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Current Projects

Exploring Parent Technology Use

Using an online survey, this project gathered baseline information on how parents use the Internet. With the data from this survey, we have examined the variation of parent's use of information and communication technologies, explored digital differences by demographic variables, and identified patterns of parents' communication using technology. This information will be used for the design, testing and implementation of educational applications for parents and families.

Exploring How Teens and Young Adults Use Communication Technology

This study is focused on learning about how adolescents and emerging adults use communication technology (e-mail, texting, etc.) to communicate with their family, and the impact this technology use has on family relationships.

Professional Development of Family Education Professionals on Technology Integration

Research by Susan Walker and colleagues focuses on influences on the acceptance of technology into practice by family education and other non-formal education professionals. Adapting the technology acceptance model (TAM) used in other fields, this research explores elements of personal characteristics, social context features, and perceptions of technology on parenting and family educators attitudes about use in practice.

Resources for Professionals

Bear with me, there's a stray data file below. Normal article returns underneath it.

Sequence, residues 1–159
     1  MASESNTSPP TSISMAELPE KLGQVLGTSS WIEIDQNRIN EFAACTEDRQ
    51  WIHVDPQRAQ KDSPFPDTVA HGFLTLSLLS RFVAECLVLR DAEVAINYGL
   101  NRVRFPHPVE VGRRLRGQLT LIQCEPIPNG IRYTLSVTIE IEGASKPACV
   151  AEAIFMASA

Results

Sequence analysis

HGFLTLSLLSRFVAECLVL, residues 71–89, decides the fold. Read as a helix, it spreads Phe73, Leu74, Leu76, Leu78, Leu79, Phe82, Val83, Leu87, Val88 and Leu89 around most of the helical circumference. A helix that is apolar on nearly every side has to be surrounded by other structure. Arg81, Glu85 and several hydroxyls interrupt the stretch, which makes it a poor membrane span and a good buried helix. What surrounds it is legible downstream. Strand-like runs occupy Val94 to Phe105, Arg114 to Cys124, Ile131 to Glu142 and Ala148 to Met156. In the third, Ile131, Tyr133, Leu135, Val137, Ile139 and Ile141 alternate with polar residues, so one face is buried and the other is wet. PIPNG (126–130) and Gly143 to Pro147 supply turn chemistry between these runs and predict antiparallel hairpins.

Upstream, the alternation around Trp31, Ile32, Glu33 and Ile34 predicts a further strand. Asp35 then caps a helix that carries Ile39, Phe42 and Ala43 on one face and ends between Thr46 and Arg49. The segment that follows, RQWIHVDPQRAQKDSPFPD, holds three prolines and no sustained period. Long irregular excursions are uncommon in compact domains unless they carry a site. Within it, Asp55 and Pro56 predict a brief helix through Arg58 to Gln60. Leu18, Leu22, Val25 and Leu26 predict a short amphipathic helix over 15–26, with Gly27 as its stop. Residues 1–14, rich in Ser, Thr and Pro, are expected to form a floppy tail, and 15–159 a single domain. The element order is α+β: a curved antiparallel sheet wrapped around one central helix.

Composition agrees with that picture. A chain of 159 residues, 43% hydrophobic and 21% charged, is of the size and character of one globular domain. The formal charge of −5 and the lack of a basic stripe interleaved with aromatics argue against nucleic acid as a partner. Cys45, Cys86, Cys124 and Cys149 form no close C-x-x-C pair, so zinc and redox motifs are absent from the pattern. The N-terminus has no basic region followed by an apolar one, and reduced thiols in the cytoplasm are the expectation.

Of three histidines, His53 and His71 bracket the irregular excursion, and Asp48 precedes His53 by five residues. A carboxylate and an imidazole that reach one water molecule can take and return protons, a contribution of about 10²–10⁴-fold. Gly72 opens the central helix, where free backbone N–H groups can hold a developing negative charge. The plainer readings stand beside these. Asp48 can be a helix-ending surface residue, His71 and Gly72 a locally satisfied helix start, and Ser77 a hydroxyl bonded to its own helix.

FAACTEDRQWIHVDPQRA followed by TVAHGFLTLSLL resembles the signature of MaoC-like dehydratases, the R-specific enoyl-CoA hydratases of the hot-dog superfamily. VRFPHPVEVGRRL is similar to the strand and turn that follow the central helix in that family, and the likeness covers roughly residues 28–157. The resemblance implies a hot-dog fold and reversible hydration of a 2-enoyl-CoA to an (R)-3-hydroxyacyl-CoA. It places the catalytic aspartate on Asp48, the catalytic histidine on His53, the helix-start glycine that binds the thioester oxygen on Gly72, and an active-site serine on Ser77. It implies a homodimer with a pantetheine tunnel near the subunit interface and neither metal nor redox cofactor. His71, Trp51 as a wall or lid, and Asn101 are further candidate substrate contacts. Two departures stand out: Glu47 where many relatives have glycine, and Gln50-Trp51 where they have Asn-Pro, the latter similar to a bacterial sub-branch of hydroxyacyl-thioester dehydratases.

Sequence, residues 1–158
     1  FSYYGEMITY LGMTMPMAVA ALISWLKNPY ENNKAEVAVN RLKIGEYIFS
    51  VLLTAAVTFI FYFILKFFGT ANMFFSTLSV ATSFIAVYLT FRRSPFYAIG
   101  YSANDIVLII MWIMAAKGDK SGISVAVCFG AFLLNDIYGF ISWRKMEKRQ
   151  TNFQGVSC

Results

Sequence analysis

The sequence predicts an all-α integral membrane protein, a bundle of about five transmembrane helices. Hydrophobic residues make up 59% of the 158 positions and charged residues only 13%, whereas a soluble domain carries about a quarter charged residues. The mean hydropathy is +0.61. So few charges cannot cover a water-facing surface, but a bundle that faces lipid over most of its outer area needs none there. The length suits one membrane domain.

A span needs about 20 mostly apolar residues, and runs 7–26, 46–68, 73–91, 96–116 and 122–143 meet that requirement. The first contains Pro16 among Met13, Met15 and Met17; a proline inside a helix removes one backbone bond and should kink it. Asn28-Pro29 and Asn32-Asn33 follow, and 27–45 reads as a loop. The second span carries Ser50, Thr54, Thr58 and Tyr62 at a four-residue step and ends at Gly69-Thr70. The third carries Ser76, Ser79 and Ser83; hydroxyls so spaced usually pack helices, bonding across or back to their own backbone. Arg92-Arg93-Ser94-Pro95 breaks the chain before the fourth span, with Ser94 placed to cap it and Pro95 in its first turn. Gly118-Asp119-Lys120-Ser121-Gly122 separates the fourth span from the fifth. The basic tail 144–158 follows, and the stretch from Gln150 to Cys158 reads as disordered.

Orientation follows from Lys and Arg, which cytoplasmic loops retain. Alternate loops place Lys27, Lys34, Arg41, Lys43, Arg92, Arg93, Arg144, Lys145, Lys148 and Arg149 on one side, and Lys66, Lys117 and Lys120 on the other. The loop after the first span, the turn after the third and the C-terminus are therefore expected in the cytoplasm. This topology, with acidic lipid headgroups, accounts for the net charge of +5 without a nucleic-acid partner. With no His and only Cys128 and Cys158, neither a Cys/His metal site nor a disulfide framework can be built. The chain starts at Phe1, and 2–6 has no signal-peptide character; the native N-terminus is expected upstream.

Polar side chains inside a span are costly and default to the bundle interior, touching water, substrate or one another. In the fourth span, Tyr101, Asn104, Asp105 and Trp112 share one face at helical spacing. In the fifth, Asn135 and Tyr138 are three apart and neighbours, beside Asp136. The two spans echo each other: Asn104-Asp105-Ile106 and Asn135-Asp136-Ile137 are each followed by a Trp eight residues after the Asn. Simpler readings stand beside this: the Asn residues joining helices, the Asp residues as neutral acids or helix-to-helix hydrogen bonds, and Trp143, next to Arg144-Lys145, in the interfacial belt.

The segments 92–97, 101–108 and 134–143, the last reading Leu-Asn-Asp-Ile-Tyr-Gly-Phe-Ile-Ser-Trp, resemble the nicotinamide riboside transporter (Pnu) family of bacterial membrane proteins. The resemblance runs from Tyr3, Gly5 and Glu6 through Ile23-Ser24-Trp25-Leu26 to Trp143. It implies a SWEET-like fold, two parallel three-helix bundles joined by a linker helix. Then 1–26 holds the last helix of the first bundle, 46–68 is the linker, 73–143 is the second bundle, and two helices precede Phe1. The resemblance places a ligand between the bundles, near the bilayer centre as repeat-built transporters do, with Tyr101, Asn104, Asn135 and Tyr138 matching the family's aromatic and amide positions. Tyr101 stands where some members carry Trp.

As a growing area of professional practice, the integration of technology into parenting and family life education demands a range of new knowledge, skills and roles. Visit the Professional Resources section of the site for a wealth of online resources for professionals.

Enhancing the Social Production Communities of Parents

This new 3 year National Science Foundation funded project, in collaboration with the Department of Computer Science and Engineering, and Georgia Tech, expands social network research with online populations and builds on existing social computing applications that encourage collaborative problem solving and information sharing. The focus is on parents of young children as users of new online technologies, and how they integrate peer and expert members, consider information they regard as either 'local' or 'global', and variably employ their on and offline communities in the resolution of a range of parenting issues.